May 29, 2019

Flipboard, the hugely popular news aggregation app has been hacked. Twice.

The company announced yesterday that two separate breaches exposed user account information – the first for a period of about nine months. The app is used by 150 million people each month.

Flipboard said the first intrusion took place between June 2018 and March 2019, and the second between April 21 and 22, 2019. The company says law enforcement has been notified and an outside security firm has been hired to investigate the hack.

Apparently not all user accounts were affected, but Flipboard hasn’t made it clear yet how many were.

What’s been lost?

According to Flipboard the compromised databases hold account credentials including usernames, actual names, hashed or cryptographically protected passwords, and email addresses.

As in yesterday’s blog about the attack on Canva, the passwords copied by the hackers were ‘hashed’ or scrambled in a way that stops them being read by humans – only the machines at either end of the login know the cryptographic ‘key’ that opens them.

It means even Flipboard wouldn’t have been able to see them, and makes unlocking them a difficult proposition for any attacker.

Not impossible though. With time and resources it’s safe to assume that the hashing algorithm could be cracked. Flipboard has also admitted that any passwords created by users before March 2012 are protected by a much weaker hashing algorithm.

Social media tokens, used to let users logon to Flipboard using their social media credentials, may also have been stored in those databases.

Grading the company’s reaction

Taking a double hit from hackers isn’t great news and the first one in 2018 was obviously missed. When Flipboard discovered the breach in April however it immediately engaged outside experts and launched an investigation.

There was a delay before informing its users, but it’s important in the early days following a breach to investigate properly. Any company suffering a breach needs to understand exactly what data may have been lost or damaged.

Sometimes when a breach is discovered the hacker is still logged into the system, so investigators will take time to quietly observe their movements on the network and better understand their behaviour, interest, and intent.

Despite passwords being hashed, Flipboard proactively took the extra precaution of re-setting all user passwords. It has also replaced or deleted all digital tokens just in case third-party or social media accounts have been copied by the attackers.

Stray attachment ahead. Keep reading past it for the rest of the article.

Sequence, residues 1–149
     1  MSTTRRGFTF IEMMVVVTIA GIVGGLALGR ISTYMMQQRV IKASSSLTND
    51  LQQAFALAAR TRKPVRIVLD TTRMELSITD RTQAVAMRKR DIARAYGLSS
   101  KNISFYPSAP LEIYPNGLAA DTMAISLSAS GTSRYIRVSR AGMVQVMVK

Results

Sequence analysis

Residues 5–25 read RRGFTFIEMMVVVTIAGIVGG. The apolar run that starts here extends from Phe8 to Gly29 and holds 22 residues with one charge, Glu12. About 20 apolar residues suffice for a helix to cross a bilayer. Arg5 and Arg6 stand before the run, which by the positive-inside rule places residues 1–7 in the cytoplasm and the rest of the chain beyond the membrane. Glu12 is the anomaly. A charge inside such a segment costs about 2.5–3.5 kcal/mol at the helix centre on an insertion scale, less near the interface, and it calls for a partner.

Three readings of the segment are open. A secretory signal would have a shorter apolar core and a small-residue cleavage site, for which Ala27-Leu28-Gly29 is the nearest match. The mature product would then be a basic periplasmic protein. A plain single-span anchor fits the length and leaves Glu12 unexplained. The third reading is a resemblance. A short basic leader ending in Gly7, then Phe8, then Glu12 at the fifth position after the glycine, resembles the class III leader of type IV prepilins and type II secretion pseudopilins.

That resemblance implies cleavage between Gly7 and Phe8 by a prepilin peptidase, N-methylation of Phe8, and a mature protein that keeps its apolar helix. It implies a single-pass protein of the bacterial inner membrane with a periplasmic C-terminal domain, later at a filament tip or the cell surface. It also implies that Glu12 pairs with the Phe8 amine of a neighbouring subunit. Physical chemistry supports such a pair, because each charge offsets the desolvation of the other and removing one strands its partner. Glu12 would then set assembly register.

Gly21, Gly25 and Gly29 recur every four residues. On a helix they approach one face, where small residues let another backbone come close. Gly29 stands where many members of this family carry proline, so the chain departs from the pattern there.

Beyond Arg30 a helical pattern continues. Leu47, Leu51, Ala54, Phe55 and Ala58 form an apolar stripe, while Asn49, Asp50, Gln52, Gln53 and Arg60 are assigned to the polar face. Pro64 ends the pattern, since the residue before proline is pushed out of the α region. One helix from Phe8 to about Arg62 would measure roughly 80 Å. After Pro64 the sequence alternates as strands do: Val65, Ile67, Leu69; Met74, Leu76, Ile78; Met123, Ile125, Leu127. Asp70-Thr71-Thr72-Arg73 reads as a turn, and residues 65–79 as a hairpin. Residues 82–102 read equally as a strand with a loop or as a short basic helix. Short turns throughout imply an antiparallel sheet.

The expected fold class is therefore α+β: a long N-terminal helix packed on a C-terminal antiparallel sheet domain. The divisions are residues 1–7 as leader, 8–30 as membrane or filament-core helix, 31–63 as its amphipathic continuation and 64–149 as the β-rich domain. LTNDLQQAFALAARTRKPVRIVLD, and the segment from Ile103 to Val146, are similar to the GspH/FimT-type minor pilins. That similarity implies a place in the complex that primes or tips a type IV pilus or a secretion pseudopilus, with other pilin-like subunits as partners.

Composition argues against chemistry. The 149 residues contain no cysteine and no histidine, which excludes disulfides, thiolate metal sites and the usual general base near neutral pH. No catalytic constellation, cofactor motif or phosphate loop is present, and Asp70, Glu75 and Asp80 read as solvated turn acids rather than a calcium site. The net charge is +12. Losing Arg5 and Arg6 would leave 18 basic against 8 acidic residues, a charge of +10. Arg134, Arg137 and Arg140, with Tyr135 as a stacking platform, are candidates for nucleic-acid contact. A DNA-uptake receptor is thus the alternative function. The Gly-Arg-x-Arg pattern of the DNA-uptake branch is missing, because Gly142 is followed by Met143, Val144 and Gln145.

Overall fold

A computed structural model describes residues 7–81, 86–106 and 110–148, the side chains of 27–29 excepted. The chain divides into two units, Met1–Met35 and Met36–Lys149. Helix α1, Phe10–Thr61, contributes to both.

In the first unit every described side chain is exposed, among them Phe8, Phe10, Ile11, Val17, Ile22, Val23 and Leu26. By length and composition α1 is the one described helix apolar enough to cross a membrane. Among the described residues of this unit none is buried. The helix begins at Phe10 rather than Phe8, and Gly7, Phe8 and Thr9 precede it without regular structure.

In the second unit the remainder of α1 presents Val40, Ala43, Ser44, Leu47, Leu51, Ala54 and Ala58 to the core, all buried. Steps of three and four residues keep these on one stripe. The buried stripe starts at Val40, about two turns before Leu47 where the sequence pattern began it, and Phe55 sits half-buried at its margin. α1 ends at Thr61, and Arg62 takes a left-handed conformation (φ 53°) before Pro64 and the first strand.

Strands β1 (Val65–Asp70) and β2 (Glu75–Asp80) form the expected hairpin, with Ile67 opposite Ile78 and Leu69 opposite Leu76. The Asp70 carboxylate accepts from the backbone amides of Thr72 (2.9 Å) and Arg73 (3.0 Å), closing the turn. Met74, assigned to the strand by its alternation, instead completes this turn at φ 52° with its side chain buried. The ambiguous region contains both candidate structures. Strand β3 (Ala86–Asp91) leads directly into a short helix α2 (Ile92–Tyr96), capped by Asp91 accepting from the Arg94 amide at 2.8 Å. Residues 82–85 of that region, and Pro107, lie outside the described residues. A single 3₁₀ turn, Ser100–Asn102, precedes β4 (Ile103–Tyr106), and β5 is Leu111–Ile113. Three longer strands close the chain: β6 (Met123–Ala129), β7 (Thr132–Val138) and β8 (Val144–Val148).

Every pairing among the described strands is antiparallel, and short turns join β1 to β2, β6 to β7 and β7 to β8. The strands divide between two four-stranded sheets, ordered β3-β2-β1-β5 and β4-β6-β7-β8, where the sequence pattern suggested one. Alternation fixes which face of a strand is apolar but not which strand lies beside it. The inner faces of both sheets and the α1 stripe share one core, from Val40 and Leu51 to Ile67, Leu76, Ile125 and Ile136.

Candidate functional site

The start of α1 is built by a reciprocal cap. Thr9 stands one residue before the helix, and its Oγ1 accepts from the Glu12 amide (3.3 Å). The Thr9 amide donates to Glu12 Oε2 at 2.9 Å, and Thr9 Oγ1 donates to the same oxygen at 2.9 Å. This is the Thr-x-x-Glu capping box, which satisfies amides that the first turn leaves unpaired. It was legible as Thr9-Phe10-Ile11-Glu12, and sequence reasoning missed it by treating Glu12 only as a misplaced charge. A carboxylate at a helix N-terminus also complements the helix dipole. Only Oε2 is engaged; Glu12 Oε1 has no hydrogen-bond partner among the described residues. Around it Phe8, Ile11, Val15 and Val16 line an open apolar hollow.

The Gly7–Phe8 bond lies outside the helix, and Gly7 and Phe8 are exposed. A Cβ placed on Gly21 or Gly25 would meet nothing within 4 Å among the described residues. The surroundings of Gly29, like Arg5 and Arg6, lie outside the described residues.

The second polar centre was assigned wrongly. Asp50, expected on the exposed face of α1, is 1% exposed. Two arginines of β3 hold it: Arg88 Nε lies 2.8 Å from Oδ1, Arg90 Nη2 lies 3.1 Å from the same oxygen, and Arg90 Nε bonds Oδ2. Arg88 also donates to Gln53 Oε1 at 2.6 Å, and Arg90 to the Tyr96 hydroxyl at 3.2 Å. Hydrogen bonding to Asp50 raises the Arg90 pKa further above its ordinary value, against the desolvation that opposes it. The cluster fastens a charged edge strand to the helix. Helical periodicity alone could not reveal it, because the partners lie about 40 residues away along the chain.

Overall we’d say Flipboard’s response is a good one. They look to have been rigorous, acted quickly, and communicated well. Account holders have been notified by email with details of the breach. And law enforcement has been alerted.

Ideally there would be clarity on the issue of whether or not social media tokens were exposed, and the exact number of users affected.

From our perspective, 4 stars out of 5.

What should users do?

  • If you’re a Flipboard user you’ll still have access to your account. Go to the login page and you’ll be prompted to reset your password.
  • Cybercriminals know that many people use the same or similar credentials for numerous online services. If that describes you, now would be a very good time to re-set all duplicate passwords, particularly those on accounts that have financial or other sensitive information.
  • If you’ve been using social media credentials like Facebook or Twitter to login to Flipboard you should be fine. Flipboard has reset all its third-party digital tokens. You may need to re-connect your social media account to Flipboard now that they’ve made that precautionary change.

Another day, another breach

It’s easy to become blasé about data breaches. We’ve seen two majors this week and who knows – more could land before Friday.

When hackers try to harvest data in bulk like its usually login information they want. They’ll use credentials to try and gain access to bank accounts, or find a way in to the places on corporate keyworks where the most valuable proprietary information is held.

Re-setting passwords on a regular basis, or using strong passwords generated by a security program (or even your web browser’s password generating function) won’t stop your data from being lost but as precautionary measure they’ll make your personal info that much harder to steal.

Because passwords are structurally weak, the world is slowly moving beyond username & password as the access method for online services.

  • Two-factor authentication is becoming more and more common. Unlike the password/userid combo, two-factor authentication requires two different kinds of identity proof, for example combining a password with a code texted to your mobile phone.
  • Using memory sticks as a physical key to gain access to a device or online service is already common in professional environments.
  • Apple and Samsung are working hard to make biometrics a standard security feature in smartphones and tablets.

These are the better alternatives. Biometrics and two-factor are slowly moving toward mass adoption, but they still need time.

From a cybersecurity perspective it can’t happen fast enough.

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